This is the second follow-up to this question on square roots of elements in symmetric groups and is concerned with generalisations to $n$-th roots. Let $G$ be a finite group and let $r_n(g)$ be the number of elements $h\in G$ such that $h^n = g$. In other words, $$r_n(g) = \sum_{h\in G}\delta_{h^n,g},$$ where $\delta$ is the usual Kronecker delta. In a comment to my answer to the above mentioned question, Richard Stanley notes that if $G=S_m$, then $r_n(g)$ attains its maximum at the identity element of $G$. My question is: how far does this generalise and what exactly does it tell us about $G$? This should be primarily a question about higher Frobenius-Schur indicators. Let me elaborate a bit.

The function $r_n$ is clearly a class function on $G$ and, upon taking its inner product with all irreducible characters of $G$, one finds that $$r_n(g) = \sum_\chi s_n(\chi)\chi(g),$$ where the sum runs over all irreducible complex characters of $G$ and $s_n(\chi)$ is the $n$-th Frobenius-Schur indicator of $\chi$, defined as $$s_n(\chi) = \frac{1}{|G|}\sum_{h\in G}\chi(h^n).$$ When $n=2$, the Frobenius-Schur indicator is equal to 0,1 or -1 and carries explicit information about the field of definition of the representation associated with $\chi$.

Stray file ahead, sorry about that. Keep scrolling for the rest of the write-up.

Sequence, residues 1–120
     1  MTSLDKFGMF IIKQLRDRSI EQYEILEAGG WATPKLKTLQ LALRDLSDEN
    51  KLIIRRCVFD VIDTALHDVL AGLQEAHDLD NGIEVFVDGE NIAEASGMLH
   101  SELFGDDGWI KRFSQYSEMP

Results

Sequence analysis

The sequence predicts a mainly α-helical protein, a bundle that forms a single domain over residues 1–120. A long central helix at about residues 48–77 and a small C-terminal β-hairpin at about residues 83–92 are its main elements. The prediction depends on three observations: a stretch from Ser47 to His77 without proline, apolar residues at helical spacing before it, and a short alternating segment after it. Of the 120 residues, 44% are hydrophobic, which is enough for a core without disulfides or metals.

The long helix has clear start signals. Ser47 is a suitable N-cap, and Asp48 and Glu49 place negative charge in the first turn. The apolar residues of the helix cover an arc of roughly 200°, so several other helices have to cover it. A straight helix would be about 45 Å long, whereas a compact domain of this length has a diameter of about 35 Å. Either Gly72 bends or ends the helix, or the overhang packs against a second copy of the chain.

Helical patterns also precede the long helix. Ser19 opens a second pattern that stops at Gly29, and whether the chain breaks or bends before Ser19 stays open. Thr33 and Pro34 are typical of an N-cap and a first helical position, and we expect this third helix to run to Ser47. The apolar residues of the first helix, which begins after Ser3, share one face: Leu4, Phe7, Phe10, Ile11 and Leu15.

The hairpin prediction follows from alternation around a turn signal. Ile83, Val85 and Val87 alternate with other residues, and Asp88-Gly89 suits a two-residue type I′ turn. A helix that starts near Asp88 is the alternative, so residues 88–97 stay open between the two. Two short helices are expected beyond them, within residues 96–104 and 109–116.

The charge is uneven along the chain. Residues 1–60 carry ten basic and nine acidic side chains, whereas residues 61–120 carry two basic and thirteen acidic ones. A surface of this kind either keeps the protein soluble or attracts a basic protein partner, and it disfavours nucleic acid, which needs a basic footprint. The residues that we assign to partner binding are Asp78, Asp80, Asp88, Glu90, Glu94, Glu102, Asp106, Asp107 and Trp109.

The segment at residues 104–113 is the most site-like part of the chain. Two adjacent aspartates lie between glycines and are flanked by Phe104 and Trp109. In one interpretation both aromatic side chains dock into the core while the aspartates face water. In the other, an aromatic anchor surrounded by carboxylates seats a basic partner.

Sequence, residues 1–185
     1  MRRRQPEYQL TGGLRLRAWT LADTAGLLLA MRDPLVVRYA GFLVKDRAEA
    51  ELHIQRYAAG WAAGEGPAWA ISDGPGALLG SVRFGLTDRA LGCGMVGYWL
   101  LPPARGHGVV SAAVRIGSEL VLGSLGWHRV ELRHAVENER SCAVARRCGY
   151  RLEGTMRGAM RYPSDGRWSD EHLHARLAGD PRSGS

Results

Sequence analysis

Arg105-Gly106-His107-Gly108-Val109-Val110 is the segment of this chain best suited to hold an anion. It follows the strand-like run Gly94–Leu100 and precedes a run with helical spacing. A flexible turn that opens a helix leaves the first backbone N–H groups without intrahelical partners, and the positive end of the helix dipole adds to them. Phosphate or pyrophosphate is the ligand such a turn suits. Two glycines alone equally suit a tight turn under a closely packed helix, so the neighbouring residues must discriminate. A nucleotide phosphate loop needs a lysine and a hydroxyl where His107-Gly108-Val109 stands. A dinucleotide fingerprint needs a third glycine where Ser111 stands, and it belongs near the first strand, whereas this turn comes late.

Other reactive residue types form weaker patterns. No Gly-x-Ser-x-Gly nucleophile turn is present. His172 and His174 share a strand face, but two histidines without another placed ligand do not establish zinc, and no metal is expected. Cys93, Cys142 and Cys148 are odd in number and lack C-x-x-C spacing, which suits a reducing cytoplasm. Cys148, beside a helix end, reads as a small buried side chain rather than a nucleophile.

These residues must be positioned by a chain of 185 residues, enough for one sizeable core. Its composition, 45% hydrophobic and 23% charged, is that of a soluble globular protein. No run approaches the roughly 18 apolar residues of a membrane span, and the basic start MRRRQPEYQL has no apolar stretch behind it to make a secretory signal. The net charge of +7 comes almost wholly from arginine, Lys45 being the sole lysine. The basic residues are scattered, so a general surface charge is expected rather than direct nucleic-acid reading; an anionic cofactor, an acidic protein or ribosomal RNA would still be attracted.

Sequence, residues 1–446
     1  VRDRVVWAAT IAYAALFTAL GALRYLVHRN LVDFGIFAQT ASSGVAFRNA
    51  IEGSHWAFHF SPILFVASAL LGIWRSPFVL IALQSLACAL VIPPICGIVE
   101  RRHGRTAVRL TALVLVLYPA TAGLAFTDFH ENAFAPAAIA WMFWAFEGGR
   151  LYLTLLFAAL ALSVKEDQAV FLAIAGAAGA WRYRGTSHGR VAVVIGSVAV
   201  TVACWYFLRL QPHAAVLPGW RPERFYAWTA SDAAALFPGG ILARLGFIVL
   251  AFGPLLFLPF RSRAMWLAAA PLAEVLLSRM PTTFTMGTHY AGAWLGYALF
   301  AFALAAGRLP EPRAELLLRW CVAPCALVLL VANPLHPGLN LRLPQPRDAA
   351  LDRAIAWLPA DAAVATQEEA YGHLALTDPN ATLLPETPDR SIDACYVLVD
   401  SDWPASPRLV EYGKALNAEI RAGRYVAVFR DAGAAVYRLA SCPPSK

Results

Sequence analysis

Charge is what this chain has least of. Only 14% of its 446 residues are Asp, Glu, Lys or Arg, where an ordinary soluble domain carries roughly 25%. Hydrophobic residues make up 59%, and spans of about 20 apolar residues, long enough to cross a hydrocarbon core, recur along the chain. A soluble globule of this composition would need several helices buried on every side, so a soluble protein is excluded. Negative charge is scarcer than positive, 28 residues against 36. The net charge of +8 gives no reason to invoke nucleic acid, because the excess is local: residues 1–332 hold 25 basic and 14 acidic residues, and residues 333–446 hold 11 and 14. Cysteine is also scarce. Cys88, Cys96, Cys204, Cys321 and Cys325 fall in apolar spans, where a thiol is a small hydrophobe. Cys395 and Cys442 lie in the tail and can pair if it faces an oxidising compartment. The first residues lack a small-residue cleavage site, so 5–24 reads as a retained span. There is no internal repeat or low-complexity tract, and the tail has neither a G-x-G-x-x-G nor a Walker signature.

What do higher Frobenius-Schur indicators tell us about the representations and, by extension, about the group? What do we know about their values? Have higher Frobenius-Schur indicators been studied in any detail?

For additional focus:

Given $n\in \mathbb{N}$, for what groups $G$ do we have $\max_g \; r_n(g) = r_n(1)$? For what groups does this hold for

all$n$?

As noted by Richard Stanley, the latter is true for all symmetric groups. It is also easy to see that the set of groups with this property is closed under direct products, and that all finite abelian groups possess this property.